Kossuth County Advance from Algona, Iowa on September 29, 1932 · Page 8
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Kossuth County Advance from Algona, Iowa · Page 8

Algona, Iowa
Issue Date:
Thursday, September 29, 1932
Page 8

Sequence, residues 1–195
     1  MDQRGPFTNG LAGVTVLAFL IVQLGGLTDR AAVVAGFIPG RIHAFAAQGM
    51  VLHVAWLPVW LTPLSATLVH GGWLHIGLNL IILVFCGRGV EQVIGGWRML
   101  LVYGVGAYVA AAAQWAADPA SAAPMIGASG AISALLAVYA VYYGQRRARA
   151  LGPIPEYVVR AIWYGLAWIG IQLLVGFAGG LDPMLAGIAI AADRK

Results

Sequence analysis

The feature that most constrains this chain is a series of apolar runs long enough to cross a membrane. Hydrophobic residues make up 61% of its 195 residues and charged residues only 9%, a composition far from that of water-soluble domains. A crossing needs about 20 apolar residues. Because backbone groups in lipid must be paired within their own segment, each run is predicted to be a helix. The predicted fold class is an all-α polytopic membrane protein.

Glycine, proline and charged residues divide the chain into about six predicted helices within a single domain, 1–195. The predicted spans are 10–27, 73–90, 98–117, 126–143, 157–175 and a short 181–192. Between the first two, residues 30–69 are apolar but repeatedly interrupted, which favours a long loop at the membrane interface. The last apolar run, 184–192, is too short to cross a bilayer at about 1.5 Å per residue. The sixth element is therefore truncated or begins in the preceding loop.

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PAOE EIGHT CONGREGATIONAL PASTORS COMING HEREJEXT WEEK The annual meeting of the Mitchell j association of Congregational churches will take place at the Algona [ church next Tuesday and Wednes-1 - -X s''i ' 4 "-'fc' * | Candidate The public is invited to The program follows: Tuesday Morning. Registration Organization Retiring Moderator's address, the Rev. Wm. Milne, Cleat- Lake. Lunch Tuesday Afternoon Conserving Congregational Pa&torates for Congregational Ministers, Rev. J. W. Bonnell, Riceville. Discussion •Has the Church a Message lor the Needs of Today? The Rev. B. W. Huelster, Charles City. The Great Need of Prayer In Our Day, Mrs. J. C. Skow, Wesley. Making Jesus Master and Lord, Rev. B. M. Southgate, Britt. Business. Auto ride to Ambrose A. Call State park. Association dinner — Toastmaster, the Rev. Wm. Milne. Tuesday Evening. ( Praise service. Association sermon, Strengthening Our Hands for the Good Work, the Rev. William Kent, Nashua. Communion service conducted by pastor of entertaining church. Offering for Veteran Ministers. Wednesday Morning. Business. "Believe That He is Risen," the Res'. B. M. Southgate, Britt. Superintendent Johnson. The Rev. Alan T. Jones, Waycroaa, Ga. Some Needed Revisions of Emphasis in Our Young 'People's Work, the Rev. Royal J. Montgomery. The Rev. Emmons E. White, Arunpukottal, India. The Rev. Nelson "SVehrhan, Grinnell. Lunch. Wednesday Afternoon. Trust Christ Here, and Trust Him for the Future, the Rev. B. M. Southgate, Britt. Round Table on World Service, Superintendent John"son. Unfinish'ed business. ALGONA STORY IN MASONIC JOURNAL The Zare-phabh News for September, published by the Valley of Davenport, Orient of Iowa, Ancient and Accepted Rite of Freemasonry, carried this mention of an Algonian: J. F. Overmyer, member of Zarephath, was recently honored by a complimentary dinner •given by the Rotarians and Ki- wanians of Algona. Brother • Overmyer has served as superintendent of the Algona public schools 30 years. Harvey Ing- Tiam and Gardner Cowles were guest speakers. Mr. Cowles was the first superintendent of Algona's schools, and Mr. Ingham Is an alumnus. Last year marked the fruition of his dreams when the new high school building was completed. The building was dedicated by Dr. Walter Jessup, who stated that it was one of the finest examples of the best type of modern high schools. Brother Overmyer also has the distinction of having his high school stand first over all •high schools in the state in its •class in scholastic standing for several consecutive years. It was noticed in another mention •that John H. Cowles, Des Moinee, is •Grand Commander o£ the Orient of Iowa. Mr. Cowles Is a 33rd degree •member, election to' which is a rare honor. METHODIST C8NFERENCE TO BE INVITED TO MEET HERE The Algona Methodist church, via the Rev. C. V. Hulse, pastor, and Dist. Supt. W. H. Lease, is extending an invitation to the Northwes' Iowa Conference, now in session a' Sioux City, to come to Algona in 193-J. The conference includes al Methodist churches Jn northwes Iowa. The last session here wa: held in 3917. The invitation was suggested in a .resolution presented to the local church by the Algona Community club. The conference, if it comes, will bring more than 200 ministers and approximately the •same number of laymen for six days. All appointments to charges are made at the conference. day. tend. 10:30 11:00 11:30 12:00 1:30 1:50 2:10 2:40 3:00 3:30 4:00 6:00 7:45 8:15 8:45 9:00 9:30 9:50 10:15 10:45 11:10 11:40 12:00 1:30 1:50 2:50 T HIS IS J. J. BONNSTETTER, one mile east of Corwlth, democratic candidate for representative in Hancock county. Mr. Bonnstetter is a brother of Martin Bonnstetter, Algona, and the uncle of Representative A. H. Bonnstetter, Kossuth, and Antoinette Bonnstetter, Algona-Humboldt school nurse. As will be noticed, uncle and nephew look somewhat alike.. INDEPENDENTS AND ESTHERVILLE PLAY TO SCORELESS TIE The new Algona independent football team played its opening game at Estherville Sunday. The teams were evenly matched, with the result that the game ended in a scoreless tie. Each team was weak on offense but exceptionally good on defense. Algona showed the usual early season irregularities. Estherville had had the advantage of two games, but failed to surpass Algona on field play. Early in the first o.uarter Estherville recovered a bad pass from center, which Elerick could not get, on Algona's 2-ft. line. This was the only real chance of scoring either team had during the game. The threat was soon wiped out, for on the first play Estherville fumbled and Algona recovered on its own 4- yd. line. Standing behind his own goal, got off a perfect aerial punt midfield, and the All-Stars' was over. The only Algona threat came in the fourth quarter, NEW AUXILIARY COUNTY OFFICERS INSTALLED AT S,C, The ^county Legion Auxiliary held its 29th quarterly convention at the Legion hall, Swea City, last week Tuesday afternoon. The Swea City unit entertained with musical numbers and served refreshments at the close. The meeting was, opened by the president of the Swea City unit, Mrs. Peterson. Mrs. Ii. H. Schenck, Burt, county chairman, presided. The following newly elected officers were Installed by Mrs. Ida Larson, past district publicity agent, Swea City: Mrs. L. H. Schenck, Burt, county chainman; Mrs. W. J. Denton, Tl- tonka, vice chairman and 'historian; Mrs. Fern Peterson, Swea City, treasurer; Mrs. Ray Bonacker, Tl- tonka, secretary; Mrs. , Vallo V. Naudaln, Algona, publicity agent. Seventy-three persons registered and heard the program and reports of the state convention given by Mrs. L. M. Merrltt, Mrs. T. L. Larson, and Mrs. G. D. Brundage, Alona. The state convention was held at Cedar Rapids last August. A vocal duet, "Forgotten," was sung by Mrs. Minnie Thompson and Mrs. Pehrsbn, Swea City. Koesuth was 100,per cent in the Fidac showing at the state convention. 'Fidac dolls displayed there ivlll be given to each unit Jn the county for display. Each unit-will make arrangements with Mrs. chenck for an appointment. Tomorrow at 4 p. m. an Auxiliary program will be given over the Ames broadcasting station. A meeting of county Auxiliary officers will be held at 2 o'clock Saturday at Mrs. Sohenck's. •Algonians who attended the coun- :y meeting follows: Mesdames Meritt, Larson, Brundage, Naudtin, A. H. Stock, Glen McMurray, Maurice Bartholomew, W. H. Walker, Thos. Halpin, and William Dau. Reed past rush No SCANDAL (Continued from page !•) when Elerick took a paes from Lichter for a 20-yd. run, but was tackled by the safety man whom Lilndbloom partially blocked out. Neither team had the ball within its opponents' 20-yd. line except in these two plays. The plunging of Lrichter anc Lindbloom, and the running of Elerick and Reed, were up to mid- season form, but the blocking of the same men must be greatly 1m- roved. The boys are working on his and other faults. When they )lay the opening game at home Oc- ober 18 they expect to be playing tear-perfect football. Algona's line had to be filled with ubstitutes due to injuries. The boys id well to hold a much heavier and powerful forward wall; few gains vere made through them. The start- ng lineup follows: St. John, 1. e.; Cosgrove, 1. t.; Adams, 1. g.; K Moore, c.; J. Moore r. e.; Martinek, t.; Bradfield. r. e.; Elerick, q.. b.; Reed, r. h.; Lindbloom, 1. h.; Lichter, f. b. Substitutes—Parsons for J. Moore, J. Moore for Parsons, Shepherd for St. John, McDonald for J-. Moore. Five men are expected to play with the team who could not be with it Sunday: Mercer, Walker, Winkle, Miller, and Samp. FRED MARTIN, RAGE HORSE TRAINER, LEAVES KOSSUTH The Fred Martins have moved to Melbourne, near Marshalltown : where they will' operate a restaurant. Mrs. Martin and her daughter Juanlta went to Melbourne last Thursday, and Mr. Martin left Monday. The Martins had made Algona their home for many years. Theii residence on south Minnesota is for rent. Mr. Martin for many years trained race horses at the fair grounds, but since he suffered broken hip a few years ago he has been more or less crippled. Mrs Raymond McCorkle is a daughter o Mr. and Mrs. Martin. WHITTEMORE THEATRE IS CLOSED; LACK OF BUSINESS Whittemore, Sept. 27—The Rose land theater discontinued busines^ here last week Tuesday..- J?au Manor, owner, gave lack of patron age as the reason. Hie plc&j were good, and the eouipflVegij'ipm as good as any. It seeijja n*w to b proved that Whittemore"' will no support a theater. Mr. )Manpr cam here from Burt only a few month ago. - ,: • ' THREE FINED FOR KILLING PHEASANTS WITH FISHPOLE August Nelson, Seneca township, was fined $30 and $4.75 costs by Justice Danson Tuesday on the charge of killing pheasants by blinding them with the artificial lights of a car and then hitting them over the head with a 10-ft. fish pole. Nelson's hired man, Hans Kruse, and E. C. iFauerby, Fenton blacksmith, were fined $25 'and $4.75 costs each. The group had seven pheasants, three of which were Hungarian. The men were arrested and brought Algona Monday evening by H. Holmgren, game warden. Blast Breaks Windows. •Lu Verne, 'Sept. 27—When an old cement bridge near the Albert Gen- was blasted out one day rich farm last week the concussion was so DOG RACES (Continued from page 1.) two others escaped through the venta and took refuge In & neighboring cornfield. A fourth rabbit found a vent and got through It, but was In part etunned , by chicken wire above the vent and was caught by the dogs outside the enclosure* After the main show a number of rabbits were released-to train young greyhounds In the sport. In.the card events two dogs chaeed each rabbit. Many spectators wanted to see what one dog could do, and others wanted to see a pair of common dogs tried 1 out. In each pair of dogs one wore a white collar, the other a red one, and the Judges hoisted a white or red flag to Indicate which dog won. WALKER TELLS OF WASHINGTON 0, C, W. F. Waljker, sfeoke before the Rotary'club Monday/and described a number of federal buildings at Washington, D.' d.', where he was doorkeeper In the Senate chamber last winter. He told of the Wash- ngton cathedral, the Shakespearean library, the Lincoln memorial, Mt, Vernon, and other points of Interest. Mr. Walker also gave the cost of each building and listed the material used in construction, saying that :he government buildings are costly because they are designed to last a ong time'and so must be made of marble and steel not only for beauty but for endurance. Mr. Walker compared the cities of ettyeburg, Washington, and Richmond to Mankato, Algona, and Des Moines, respectively, saying that ettysburg is as far north of Washington as Mankato Is north of Algona, and 'Richmond as far south of Washington as Des Moines from Alona. Mr. Walker also gave personal opinions of a number of senators whom he heard In debate while on duty'as doorkeeper. Mr. Walker gave the same talk last Thursday before the Klwanis club. •Harry Hull, examiner-in-charge of the Kossuth County 'State bank, was introduced as a new member. Visitors were: K. E. Wight, Clayton, N. M., and E. H. Handler. The K""n - ians voted to meet this winter In •'•'e basement of the Methodist chuich. Next Monday evening the Rotarians will entertain the Anns at an evening party at the The local attend a tri-city meeting at Forest City next week Wednesday. Country club clubhouse. Rotarians are invited to great as to break windows In three or four nearby houses, and many fish in the stream were stunned or killed. Some were game fish, but ostly they were carp or bullheads. any that had •coroner to collect is not questioned; the point is merely that it should have been'paid out of the poor fund rather than the county fund." No Hint of Peculations. There was no showing in case, nor was there any hint, any of the officials concerned been guilty, or were even suspected, of pecuniary peculation. All that was involved was methods of bookkeeping and collection, and in the coroner's ease of his right to collect certain charges. Between private parties none of these complaints would rank as anything more than a. difference in methods of conducting business; but since the accounts of public officials were concerned, and because they were played up in a. daily newspaper, careless readers were likely to jump to conclusions not warranted by the facts, which did an injustice to tfce officials involved, especially since two of them are candidates for reelection. HAVE US ADDRESSOGRAPH you mailing list and save ,ypu the ex pense and drudgery of typing-.- Ou addresses cannot be told from type writing.—Advance. 25 MIMEOGRAPHING N MANY PAPERS HEREABOUTS It costs as high as 20c to reach ach subscriber with advertising ecause of limited circulation. Th» Advance circulation, on the con- rary, Is such that the cost Is only bout one cent per family. 25U HIGHWAY AND ELK IN TIE FOR KITTENBALL HONORS The season's kittenball tournament ended a week, ago Friday with a wind-up game between the Highway and Bakery teams, the Highway winning, 7-1. The Highway and Elk teams tied for first place in the season's games, with Boren third, the Postoffice fourth, and the Gamble and Bakery teams tied lor fifth. The j-ecord stands: Win Lose Ave. Highway — 15' 5 .7-50 Elk Cleaners 15 5 -.750 Boren 12 8 • .600 Postoffice 8 12 .400 Gambles 5 15 .250 Bakery -— 5 15 .250 Get out your quilts for our SHOW ADVANCE Algona, Iowa So much interest is being shown by homemakers in quilts and quilting—and so many have ex-, pressed a desire to see a collection of this beautiful handiwork, that we are holding our first annual Quilt Show at this store. Contest Begins Monday, October 3rd There is no entry fee. Quilt entries are to be made in person Monday, Tuesday, and up to 5 p. m. Wednesday, October 3-4-5, Not more than TWO QUILTS may be entered by one contestant. Prize winning quilts will be on display Thursday, Friday, .and Saturday, October 6-7-8 and all next week in our store. Competent, impartial judges will choose the winners, and their decision will be final—there will be no names on any entry to avoid favoritism. Quilts must be handmade and fully completed. Blocks which have been merely set together to make a quilt-top, will be disqualified. : Prises Show champion—prettiest and best made quilt In the show regardless of age, merchandise order for $5.00. CLASS A. 50 years and over- Class A-l. Finest specimen pieced quilt, mdse. order — $8.00 Class A-2. Finest specimen appliqued quilt, mdse. order . $2.50 Class A-8, Finest specimen embyd silk and velvet — $2.00 CLASS B. Modern—less than 50 years. Class Bl. Finest specimen pieced quilt. Mdse. order .___, -—$8.00, Class B-2. Finest specimen appliqued quilt. Mdse. order ____$2.00 Class B-3. Finest specimen embroidered silk. Mdse, order $2.00 Class B-4, Finest specimen quilted quilt. Mdse. order ,. $2,00 Class B-5. Finest specimen novelty quilt. Mdse. order r--- Bead these rules carefully—get put quilts and make this a real exhibit of beauty. After months of careful buying, personally shopping the markets, we are ready for you with the most beautiful array of new Fall goods it has ever been our pleasure to present. The resources of this 62-year-old store have made it possible to buy these goods at the lowest possible prices and these savings have been pass; ed on to our customers . Shop where QUAJ-ITY has always been the watchword —right here at Chriachilles & Herbst. -* fc THE LOVELY NEW FA BRICS f W A 1W U* W V- C* ft E 1 D c 1 v* JUT/* M 11 Ct n, x' \s K. Ei " tit of one hundred per cent virgin and Australian wool. Very fine and curly in texture. This gives the 'I cloth its lovely softness and draping qualities. 54-in wide and comes in Jungle Brown, Signal Red, tary Blue, Rustic Green, Sultan Red, Town Beige, Rust, Black— All silk flat crepe, 40 inches wide—a rich, practical dress fabric unsurpassed for *• service, now only wwC 40-inch all silk Furl crepe—one of the most popular of the new "rough" weaves—in all the £j « fashionable fall shades ' $liiy A large selection of new wool sweaters—in novelty "rough" weaves and glorious fall color combinations, These come in misses' and women's sizes and are : £!!!__ $1.25 to $2.95 Wool skirts to harmonize, new styles, $1.95 Gayly colored wool yarn scarfs, in crochet and knit- | ted designs—the newest idea in scarfs, choice '. New Fall purses, calfskins, pin-seals, moroccos, latest shapes in brown and blacks, new low price levels on fine • £4 QC leather goods —„___.:—.—_ ^ I •WWJ Fine cape-skin gloves in brown, black, and beige— contrasting trims.— four-button lengths,, gauntlet styles " C 1 ! ^C to at __Imported kid gloves, •latest styles —X— Children's knit combination suits (underwear) low neck, no sleeve, trunk length—sizes 2 to 12— Wool mixed— Cotton— $2.50 $4.50 75c $1.25 29c 50c New shipments of rightly styled silk underwear for ladies—all lace-trimnied gowns and pajamas (flat crepes, j£^ AC.to " satins) . Dancettes, pure silk flat crepes __. -,wvYiio H.IIU jjajauiciB ^llctl $2.95 $3.50 $1.75 " $2.95 Our entire holiday line of carefully selected handker- chiefs—tJie daintiest, most beautiful selection ever shown by this store. • . , . Women's pure thread silk full- fashioned hose— high twist all silk chiffon 59c Double garter , top—silk plated cradle foot in all the new Fall shades. A real hosiery value. Nashua Blankets, 70x80 in. tulip or •star patchwork pattern. Suitable fof a top blanket, or can be Q0« used as a spread — vW • Nashua Blanket, 72x84. An unusually| fine double blanket at the price, woven d : in beautifully coipred s£j CRi 4-inch' plaids double' 70x80 part wool -~ a heavier blanket, woven in colored block r - . Four-inch satine binding, £A OKI four rows stitching ——---^i*"* 1 ^ 72x90 part wool—a superior -, ,, woven double, large block plaids .m pastel colors. A blanket of fc 0 Am size and quality 72x80 part wool, made in a jacquard design in the bor- tier, Conies in six colors _— beautiful si And Hundreds of New Coats and Dresses in our Popular Ready.to.Wear Section Phone 281 Get Your typewriter Ribbon* at the -fJV t -WT-J i ?•!-•-'•>